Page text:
Since these things generate truly amazing levels of magnetic field (the one I was in can go as far as 3 Tesla!) you have to be very careful not to have anything ferrous on or in you – as otherwise it would be dragged around with huge speed and force – think “projectile injuries”. They machines are also very loud – 100+ dB apparently. The noise is from the coils of the electromagnet, which make a lot of noise as they change the polarities, so they give you a set of sound-deadening earphones, through which they can talk to you and play music to keep you amused while they get on with looking at your insides.

In my case, they made a big fuss of asking me what music I’d like to listen to, only for them to not actually have anything that I really fancied. Turns out not to matter much – we settled on some Phil Collins, only for me to discover that I couldn’t even hear it over the buzzing and clacking from the machine anyway!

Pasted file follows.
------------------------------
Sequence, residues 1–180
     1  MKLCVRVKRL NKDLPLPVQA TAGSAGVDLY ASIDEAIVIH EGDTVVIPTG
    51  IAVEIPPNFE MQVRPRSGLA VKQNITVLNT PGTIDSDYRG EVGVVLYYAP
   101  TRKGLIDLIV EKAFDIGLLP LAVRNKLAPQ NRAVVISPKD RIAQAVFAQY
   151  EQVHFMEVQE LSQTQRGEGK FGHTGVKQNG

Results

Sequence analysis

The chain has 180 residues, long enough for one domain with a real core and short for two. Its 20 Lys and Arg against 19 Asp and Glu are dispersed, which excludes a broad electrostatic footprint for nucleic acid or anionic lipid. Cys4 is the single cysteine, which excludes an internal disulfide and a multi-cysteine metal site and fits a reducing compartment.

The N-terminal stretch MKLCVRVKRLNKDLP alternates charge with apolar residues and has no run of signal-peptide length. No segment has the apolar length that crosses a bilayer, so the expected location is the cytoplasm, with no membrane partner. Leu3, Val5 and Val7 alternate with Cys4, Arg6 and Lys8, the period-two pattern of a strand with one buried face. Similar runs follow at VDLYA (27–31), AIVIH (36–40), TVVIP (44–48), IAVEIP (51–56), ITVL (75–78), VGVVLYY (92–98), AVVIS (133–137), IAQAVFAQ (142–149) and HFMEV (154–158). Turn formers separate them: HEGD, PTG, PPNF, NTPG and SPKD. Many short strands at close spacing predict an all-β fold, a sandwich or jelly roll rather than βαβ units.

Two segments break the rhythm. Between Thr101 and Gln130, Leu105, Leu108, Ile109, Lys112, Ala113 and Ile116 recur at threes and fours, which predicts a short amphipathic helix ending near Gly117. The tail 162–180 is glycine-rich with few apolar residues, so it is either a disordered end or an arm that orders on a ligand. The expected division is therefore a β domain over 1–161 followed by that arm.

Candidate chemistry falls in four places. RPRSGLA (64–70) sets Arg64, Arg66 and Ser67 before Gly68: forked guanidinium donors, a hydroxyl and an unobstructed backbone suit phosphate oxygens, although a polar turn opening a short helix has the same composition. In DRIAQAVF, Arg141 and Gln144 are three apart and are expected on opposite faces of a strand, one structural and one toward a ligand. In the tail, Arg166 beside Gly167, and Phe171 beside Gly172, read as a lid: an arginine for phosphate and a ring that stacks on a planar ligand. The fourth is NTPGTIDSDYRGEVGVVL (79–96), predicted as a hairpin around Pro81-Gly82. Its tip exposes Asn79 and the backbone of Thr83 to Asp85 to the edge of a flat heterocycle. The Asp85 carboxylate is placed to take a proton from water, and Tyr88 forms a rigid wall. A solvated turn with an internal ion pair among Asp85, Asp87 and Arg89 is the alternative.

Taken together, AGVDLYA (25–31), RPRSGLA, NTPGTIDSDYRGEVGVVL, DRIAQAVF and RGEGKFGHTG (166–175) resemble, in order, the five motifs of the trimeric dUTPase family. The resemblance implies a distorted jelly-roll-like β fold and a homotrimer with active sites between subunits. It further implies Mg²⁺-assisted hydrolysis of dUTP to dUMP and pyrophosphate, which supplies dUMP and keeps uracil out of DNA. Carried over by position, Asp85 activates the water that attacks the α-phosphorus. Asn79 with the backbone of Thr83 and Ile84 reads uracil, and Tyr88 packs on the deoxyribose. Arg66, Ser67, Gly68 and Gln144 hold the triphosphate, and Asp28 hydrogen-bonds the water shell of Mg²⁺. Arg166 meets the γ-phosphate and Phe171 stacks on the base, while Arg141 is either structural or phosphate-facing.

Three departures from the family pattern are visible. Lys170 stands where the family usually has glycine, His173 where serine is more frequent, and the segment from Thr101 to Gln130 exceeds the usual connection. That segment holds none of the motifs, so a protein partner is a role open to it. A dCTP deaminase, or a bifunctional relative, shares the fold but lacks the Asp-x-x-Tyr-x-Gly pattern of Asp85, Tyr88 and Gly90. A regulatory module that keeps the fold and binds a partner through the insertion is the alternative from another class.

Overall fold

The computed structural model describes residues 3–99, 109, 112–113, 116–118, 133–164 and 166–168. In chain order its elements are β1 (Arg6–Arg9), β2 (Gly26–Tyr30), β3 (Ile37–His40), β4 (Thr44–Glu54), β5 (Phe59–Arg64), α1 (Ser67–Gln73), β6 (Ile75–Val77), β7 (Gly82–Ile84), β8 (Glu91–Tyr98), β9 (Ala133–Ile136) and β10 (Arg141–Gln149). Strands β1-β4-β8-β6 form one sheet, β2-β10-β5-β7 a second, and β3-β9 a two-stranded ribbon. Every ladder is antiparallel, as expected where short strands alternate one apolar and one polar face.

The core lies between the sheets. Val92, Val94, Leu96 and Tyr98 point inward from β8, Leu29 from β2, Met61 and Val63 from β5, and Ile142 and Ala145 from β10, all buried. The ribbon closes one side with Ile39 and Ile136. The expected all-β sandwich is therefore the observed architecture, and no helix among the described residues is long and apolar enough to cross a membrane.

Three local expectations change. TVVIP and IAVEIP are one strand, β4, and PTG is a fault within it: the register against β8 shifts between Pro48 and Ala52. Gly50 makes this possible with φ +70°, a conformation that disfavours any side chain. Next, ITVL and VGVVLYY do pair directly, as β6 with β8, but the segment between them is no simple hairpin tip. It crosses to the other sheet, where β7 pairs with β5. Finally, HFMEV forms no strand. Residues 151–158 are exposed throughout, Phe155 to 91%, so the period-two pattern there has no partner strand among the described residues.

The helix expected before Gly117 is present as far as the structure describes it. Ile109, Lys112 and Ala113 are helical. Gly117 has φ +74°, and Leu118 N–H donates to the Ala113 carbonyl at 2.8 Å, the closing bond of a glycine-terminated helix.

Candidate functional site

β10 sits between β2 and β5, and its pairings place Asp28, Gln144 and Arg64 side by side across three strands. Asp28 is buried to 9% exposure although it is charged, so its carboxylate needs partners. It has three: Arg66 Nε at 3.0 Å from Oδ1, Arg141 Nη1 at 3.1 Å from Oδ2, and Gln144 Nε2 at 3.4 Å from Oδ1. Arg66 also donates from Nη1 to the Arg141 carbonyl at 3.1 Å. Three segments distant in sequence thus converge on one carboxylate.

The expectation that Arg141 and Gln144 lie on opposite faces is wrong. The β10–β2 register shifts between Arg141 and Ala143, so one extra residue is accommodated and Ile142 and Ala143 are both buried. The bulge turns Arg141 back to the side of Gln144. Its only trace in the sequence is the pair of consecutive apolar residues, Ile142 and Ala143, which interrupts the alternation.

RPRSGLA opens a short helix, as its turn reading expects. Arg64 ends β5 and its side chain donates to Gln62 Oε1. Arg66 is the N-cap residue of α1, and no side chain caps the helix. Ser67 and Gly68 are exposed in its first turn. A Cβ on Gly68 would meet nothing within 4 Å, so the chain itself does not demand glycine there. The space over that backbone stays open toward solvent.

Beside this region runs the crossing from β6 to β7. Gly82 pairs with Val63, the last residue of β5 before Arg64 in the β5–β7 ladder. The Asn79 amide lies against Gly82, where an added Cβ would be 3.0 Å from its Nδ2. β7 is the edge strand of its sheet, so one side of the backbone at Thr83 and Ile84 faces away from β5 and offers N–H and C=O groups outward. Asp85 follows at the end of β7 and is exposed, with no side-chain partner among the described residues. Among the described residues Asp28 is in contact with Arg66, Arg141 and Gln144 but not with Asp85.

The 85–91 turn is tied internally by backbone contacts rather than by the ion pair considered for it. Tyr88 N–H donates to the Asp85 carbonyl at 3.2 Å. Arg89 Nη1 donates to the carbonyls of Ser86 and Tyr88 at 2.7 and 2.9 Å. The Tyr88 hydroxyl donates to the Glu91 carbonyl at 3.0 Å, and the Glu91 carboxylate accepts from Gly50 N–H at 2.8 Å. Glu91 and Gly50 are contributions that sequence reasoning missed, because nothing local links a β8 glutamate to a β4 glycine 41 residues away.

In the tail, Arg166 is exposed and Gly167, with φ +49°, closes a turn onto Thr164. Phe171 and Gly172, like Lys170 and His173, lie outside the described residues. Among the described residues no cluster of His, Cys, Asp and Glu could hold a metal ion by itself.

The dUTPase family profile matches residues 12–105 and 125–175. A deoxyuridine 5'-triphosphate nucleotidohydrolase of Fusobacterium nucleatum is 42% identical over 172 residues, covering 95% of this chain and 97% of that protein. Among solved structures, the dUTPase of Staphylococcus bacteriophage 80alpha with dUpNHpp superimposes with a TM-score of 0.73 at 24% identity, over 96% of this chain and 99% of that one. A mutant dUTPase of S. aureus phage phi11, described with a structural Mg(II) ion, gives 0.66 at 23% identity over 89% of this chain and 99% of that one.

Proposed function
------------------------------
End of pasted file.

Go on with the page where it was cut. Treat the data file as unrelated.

One thing that I did wonder about during my 20 minutes in the machine was how you got a really big person into it. I’m definitely a bit of a fatty, but nowhere even near the size of some of the people we are starting to see in the UK, who must live on the most dreadful diets to achieve their dimensions. On subsequently asking about this, it turns out that apparently the “super-size me” patients are sent to the local vetinary college where there is an MRI scanner specifically designed for treating horses! If that didn’t provide the impetus to go on a diet I’m not sure what would…